NANS deficiency linked to brain development

Wevers, Ron.bmp

A large, international collaboration including Angel Ashikov, Dirk Lefeber and Ron Wevers (photo up) of the Radboudumc, including the Research Institutes Donders and RIMLS, has succeeded in linking NANS deficiency to brain and skeletal development.

Their research describes a novel inborn error of metabolism causing a combination of intellectual developmental disability, skeletal abnormalities, epilepsy and short stature. Crucially, their discovery can pave the way for potential treatment options for this rare disorder in sialic acid biosynthesis. 

NANS deficiency is a severe disorder that is linked to epilepsy, skeletal abnormalities, and intellectual disabilities. The disorder was only recently diagnosed by this international consortium and is considered extremely rare (see Nolin's story for the insights of an affected family). In order to understand this disorder and develop appropriate medical care for it, more knowledge about it is urgently needed.

NANS deficiency: an elusive disorder

In NANS deficiency, the body is unable to consistently provide sufficient amounts of sialic acid with which a variety of bodily processes are fueled. NANS is also the gene that lends the condition its name; this gene is a key player in the production of sialic acid in the body. Sialic acid is an important constituent of glycans in glycoproteins and glycolipids.   

A large, international collaboration of research including the Research Institutes Donders and RIMLS Angel Ashikov, Dirk Lefeber and Ron Wevers has now discovered the genetics and biochemistry that underlie NANS deficiency. The team used a combination of genomics and metabo­lomics techniques. The Nijmegen team found developed an untargeted metabolomics technique based on LC-Qtof-MS and applied it on body fluids of patients. This novel technique is referred to as Next Generation Metabolic Screening. The patients with the NANS deficiency were found to have very high concentration of N-acetyl-D-mannosa­mine, a precursor of sialic acid. However, the metabolism of these patients appeared to be unable to turn this precursor into sialic acid, a negatively charged sugar that is highly important for many bodily functions in the brain and other tissues. This observation led the way to identifying the NANS-gene that turned out to have pathogenic mutations in the patients. The consortium diagnosed nine patients with this disease, all having a similar clinical phenotype, mutations in NANS and identical biochemical findings.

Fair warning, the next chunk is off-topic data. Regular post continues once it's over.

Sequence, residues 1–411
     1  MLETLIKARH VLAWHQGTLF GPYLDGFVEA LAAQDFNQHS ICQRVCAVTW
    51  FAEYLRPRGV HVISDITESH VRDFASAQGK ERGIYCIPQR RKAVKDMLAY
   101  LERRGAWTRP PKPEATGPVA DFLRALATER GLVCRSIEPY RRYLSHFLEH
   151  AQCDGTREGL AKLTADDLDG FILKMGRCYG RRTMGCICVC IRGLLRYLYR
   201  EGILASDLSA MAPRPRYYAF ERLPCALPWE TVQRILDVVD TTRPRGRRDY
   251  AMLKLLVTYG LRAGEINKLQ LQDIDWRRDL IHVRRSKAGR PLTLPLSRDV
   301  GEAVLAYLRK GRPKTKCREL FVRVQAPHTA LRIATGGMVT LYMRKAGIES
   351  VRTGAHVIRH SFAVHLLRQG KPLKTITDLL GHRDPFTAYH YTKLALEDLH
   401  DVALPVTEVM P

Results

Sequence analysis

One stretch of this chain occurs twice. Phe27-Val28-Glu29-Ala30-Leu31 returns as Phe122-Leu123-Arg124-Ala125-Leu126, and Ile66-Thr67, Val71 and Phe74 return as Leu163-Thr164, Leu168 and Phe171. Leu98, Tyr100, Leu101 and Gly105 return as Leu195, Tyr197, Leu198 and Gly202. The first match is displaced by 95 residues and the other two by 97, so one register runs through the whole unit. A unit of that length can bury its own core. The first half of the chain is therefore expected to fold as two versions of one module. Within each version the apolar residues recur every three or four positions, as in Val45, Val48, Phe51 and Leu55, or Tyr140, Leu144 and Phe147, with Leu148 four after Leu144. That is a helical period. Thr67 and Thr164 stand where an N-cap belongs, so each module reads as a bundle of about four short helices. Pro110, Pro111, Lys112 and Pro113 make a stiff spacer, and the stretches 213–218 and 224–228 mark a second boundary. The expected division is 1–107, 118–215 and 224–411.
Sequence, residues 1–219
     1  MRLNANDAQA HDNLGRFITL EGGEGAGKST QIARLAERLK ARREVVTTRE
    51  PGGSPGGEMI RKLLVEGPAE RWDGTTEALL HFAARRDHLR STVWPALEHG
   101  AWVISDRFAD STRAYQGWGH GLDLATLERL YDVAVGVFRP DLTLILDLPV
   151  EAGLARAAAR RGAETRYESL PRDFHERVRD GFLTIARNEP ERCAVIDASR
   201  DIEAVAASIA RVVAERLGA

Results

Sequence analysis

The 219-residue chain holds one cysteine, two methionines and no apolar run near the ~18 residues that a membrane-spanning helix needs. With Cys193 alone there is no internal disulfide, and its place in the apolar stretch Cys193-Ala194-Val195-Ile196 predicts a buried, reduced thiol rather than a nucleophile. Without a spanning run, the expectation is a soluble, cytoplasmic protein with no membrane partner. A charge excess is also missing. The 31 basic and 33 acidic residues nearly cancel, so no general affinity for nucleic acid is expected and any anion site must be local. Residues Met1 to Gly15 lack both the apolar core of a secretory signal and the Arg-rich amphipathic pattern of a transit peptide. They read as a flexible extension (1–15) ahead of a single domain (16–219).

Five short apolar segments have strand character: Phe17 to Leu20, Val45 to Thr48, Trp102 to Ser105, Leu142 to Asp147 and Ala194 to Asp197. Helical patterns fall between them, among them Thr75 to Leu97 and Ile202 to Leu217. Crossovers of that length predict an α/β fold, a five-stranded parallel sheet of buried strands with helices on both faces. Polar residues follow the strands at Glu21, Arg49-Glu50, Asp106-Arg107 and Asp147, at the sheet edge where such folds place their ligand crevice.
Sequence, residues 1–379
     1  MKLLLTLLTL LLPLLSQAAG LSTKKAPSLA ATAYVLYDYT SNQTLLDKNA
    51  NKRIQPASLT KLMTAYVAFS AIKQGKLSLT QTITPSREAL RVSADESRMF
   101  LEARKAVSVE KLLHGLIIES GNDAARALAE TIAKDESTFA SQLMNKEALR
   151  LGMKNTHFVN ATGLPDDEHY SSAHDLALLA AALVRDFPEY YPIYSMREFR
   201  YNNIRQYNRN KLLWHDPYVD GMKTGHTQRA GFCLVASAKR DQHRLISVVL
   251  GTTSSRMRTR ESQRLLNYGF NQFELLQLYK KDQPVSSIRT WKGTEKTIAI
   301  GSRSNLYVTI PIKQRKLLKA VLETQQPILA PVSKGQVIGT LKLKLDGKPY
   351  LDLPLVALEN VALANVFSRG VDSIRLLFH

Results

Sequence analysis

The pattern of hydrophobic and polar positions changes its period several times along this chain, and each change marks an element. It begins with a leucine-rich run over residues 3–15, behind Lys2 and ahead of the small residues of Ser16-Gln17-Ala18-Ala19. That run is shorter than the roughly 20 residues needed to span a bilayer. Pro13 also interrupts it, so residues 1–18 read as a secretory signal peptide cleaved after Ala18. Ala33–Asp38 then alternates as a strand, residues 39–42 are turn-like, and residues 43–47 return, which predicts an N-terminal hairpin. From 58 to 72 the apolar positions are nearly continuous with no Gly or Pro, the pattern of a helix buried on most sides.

The researchers then studied zebrafish embryos whose equivalent of the human NANS gene was knocked out experimentally. These embryos developed several developmental abnormalities that mirror those seen in human patients. Crucially, by adding sialic acid to the fish's embryo water, the development of the affected fish could be partially improved suggesting that NANS-deficiency may well be a treatable inborn error of metabolism.

Understanding NANS and providing care

The study strongly supports the notion that mutations of the NANS gene are indeed responsible for causing the symptoms of NANS deficiency, by hindering the biosynthesis of sialic acid. Given that the human brain in particular requires large amounts of sialic acids, mutations of NANS will have severe consequences for brain development. Importantly, the study also suggest that  supplementing sialic acids might improve the development of patients suffering from NANS. These insights can pave the way for new treatments that improve the development and quality of life of those born with the disorder.

Read the original study at Nature genetics.

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